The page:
o Have first-land sims where premium accounts automatically log in, already owner of a 512 parcel without having to hunt around, but have them turfed out after 30 days without the ability to sell the land
o Have land that can only sell to other designated newbies, though this would likely be gamed by families of alts.

There’s no good way to make immigrant and low-income housing work, as RL has shown us time and again using every conceivable theory from left to right.

Accordingly, I’m now coming around to the position that first *land* should be abolished in favour of first *tier* only. Each premium is allowed to keep his 512 m2 tier — people get confused between the land itself and the credit needed to use on it anyway — this removes that confusion for ever.

Armed with this free tier, which isn’t trivial (it costs a baron $1.50 US a month to maintain it in his portfolio even at the discount level), the newbie flies around looking at all the chopped up sims barons have to offer. Some barons will chop and leave and never turn back, with a slagheap of uglies behind them. Others will arrange first land into more coherent communities with public squares and mixed sizes and uses. Still others (I have already been doing this for two years) will offer membership in a land group and a free or discounted rental in exchange for the 512 donation).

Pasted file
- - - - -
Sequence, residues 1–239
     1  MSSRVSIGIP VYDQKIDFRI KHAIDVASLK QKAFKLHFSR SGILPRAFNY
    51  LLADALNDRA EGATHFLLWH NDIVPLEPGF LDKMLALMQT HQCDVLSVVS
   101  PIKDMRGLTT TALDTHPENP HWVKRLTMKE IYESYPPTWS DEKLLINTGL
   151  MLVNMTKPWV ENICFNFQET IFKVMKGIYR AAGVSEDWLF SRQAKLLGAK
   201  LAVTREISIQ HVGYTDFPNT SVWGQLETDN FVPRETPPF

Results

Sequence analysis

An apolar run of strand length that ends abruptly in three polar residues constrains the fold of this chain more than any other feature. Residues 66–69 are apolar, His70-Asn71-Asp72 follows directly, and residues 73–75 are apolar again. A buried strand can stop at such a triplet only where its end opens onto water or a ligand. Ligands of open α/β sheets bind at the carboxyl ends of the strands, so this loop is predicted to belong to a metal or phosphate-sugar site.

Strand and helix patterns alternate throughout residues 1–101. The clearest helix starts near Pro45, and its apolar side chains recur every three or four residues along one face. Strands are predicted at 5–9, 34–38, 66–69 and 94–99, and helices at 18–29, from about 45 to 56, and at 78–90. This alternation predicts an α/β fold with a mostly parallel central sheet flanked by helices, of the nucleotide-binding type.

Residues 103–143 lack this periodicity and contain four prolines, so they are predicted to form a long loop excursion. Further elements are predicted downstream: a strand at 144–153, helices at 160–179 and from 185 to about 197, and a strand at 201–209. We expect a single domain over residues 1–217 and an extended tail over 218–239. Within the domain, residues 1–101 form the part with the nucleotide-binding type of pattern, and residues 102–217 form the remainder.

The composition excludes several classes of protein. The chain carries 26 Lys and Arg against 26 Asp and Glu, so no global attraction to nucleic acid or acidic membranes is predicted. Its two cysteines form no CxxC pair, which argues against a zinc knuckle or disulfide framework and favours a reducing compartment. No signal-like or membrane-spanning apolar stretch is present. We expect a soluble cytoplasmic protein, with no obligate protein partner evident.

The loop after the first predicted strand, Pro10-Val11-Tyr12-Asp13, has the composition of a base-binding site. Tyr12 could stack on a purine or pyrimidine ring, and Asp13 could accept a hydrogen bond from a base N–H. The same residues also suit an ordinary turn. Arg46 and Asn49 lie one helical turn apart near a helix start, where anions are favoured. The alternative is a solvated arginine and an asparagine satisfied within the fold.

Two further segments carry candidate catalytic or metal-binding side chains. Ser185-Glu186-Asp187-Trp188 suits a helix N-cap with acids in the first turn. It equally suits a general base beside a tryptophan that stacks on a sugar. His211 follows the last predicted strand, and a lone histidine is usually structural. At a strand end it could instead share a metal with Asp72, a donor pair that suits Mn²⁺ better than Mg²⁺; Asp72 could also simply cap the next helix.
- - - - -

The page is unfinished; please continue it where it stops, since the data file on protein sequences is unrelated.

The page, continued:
Whatever the options, they will increase, and land dealers will be more incentivized to provide lower-cost and better-looking land to meet the demand coming in from those with land vouchers free to pick anything anywhere on the mainland grid.

A plan to increase tier to 1024 might even be considered for those accounts that remain in SL after 60 days or something, though that’s probably unrealistic as the Lindens need to get out of the land subsidy business.

Overnight, the legion of first-land bots, land-swoopers, unscrupulous dealers, and alt-gamers are eliminated. I personally don’t have the fastidious relationship to them that others do, merely because I recognize that if you have a socialist system of subsidies of this nature, it often leads to crime, and the answer then isn’t to punish the criminals who naturally appear to grab what’s put out for free or low-cost, but to rethink how the land is valued and issued and structure it differently.Bot4

24 Responses to “LandBots Bought First Linden Land; Line Pockets”

  1. Ian Betteridge

    Jan 29th, 2007

    “There’s no good way to make immigrant and low-income housing work, as RL has shown us time and again using every conceivable theory from left to right.”